AS of 2014, most self-cleaning ovens work either by heating the oven to around 1,000 degrees Fahrenheit or by using a combination of lower temperatures and steam. Both methods are effective at loosening up any spills or leftover food particles from the oven's interior, but they do so in different ways.
In the ovens that use extreme heat, the temperatures turn to ash anything left inside the oven. The ash is then easily wiped away when the cleaning process is over and the oven has cooled. The steam method works in much the same way except that the steam merely loosens any particles that are stuck to the oven's surface so that they can also be wiped away later.
Both methods are effective largely due to the special enamel coating used on the ovens' interior surfaces. This coating makes the surfaces smooth and helps to ensure everything is wiped off easily once the cleaning is finished.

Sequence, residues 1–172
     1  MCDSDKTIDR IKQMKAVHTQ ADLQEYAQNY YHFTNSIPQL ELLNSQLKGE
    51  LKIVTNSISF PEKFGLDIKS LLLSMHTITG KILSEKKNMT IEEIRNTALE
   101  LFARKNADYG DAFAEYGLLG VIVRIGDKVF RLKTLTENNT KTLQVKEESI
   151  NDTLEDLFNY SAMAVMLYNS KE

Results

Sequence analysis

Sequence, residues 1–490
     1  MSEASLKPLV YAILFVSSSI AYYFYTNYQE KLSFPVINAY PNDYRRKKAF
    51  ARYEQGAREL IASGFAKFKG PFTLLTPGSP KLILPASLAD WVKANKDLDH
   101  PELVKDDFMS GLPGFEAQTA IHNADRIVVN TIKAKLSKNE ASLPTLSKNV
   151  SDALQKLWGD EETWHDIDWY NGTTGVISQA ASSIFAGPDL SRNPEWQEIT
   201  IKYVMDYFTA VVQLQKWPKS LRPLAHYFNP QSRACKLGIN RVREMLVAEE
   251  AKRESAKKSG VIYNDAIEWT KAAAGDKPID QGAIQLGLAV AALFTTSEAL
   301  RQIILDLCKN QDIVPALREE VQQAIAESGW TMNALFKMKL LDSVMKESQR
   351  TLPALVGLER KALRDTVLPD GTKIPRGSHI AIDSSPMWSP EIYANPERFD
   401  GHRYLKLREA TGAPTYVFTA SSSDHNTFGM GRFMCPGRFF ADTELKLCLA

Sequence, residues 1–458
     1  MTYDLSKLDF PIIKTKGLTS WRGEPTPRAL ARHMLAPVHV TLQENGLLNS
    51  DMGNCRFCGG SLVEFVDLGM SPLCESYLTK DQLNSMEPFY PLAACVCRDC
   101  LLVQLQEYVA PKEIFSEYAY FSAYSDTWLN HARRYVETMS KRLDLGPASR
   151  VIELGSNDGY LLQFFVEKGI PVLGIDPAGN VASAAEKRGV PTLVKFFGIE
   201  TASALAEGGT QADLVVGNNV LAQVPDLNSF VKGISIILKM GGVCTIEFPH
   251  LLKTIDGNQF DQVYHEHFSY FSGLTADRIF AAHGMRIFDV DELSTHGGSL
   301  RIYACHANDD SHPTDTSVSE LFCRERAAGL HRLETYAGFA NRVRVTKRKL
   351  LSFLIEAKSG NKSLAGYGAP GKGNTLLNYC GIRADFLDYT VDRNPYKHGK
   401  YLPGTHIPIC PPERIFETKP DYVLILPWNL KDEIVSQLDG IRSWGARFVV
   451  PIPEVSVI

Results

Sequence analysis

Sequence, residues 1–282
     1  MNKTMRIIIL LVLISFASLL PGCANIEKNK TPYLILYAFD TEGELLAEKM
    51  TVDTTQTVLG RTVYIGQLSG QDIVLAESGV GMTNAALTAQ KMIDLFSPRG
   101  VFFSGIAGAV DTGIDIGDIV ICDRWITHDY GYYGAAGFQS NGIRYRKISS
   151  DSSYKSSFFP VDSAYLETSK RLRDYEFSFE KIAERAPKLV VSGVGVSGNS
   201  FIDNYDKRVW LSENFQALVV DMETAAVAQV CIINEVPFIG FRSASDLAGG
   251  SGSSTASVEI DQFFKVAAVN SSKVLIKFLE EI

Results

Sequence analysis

There is also a third type of self-cleaning oven known as a continuous cleaning oven, but these are very rarely if ever produced as of 2014. In these ovens, the enamel has a more porous texture designed to spread spills out over a larger surface area to make them easier to clean up without the need for excess heat.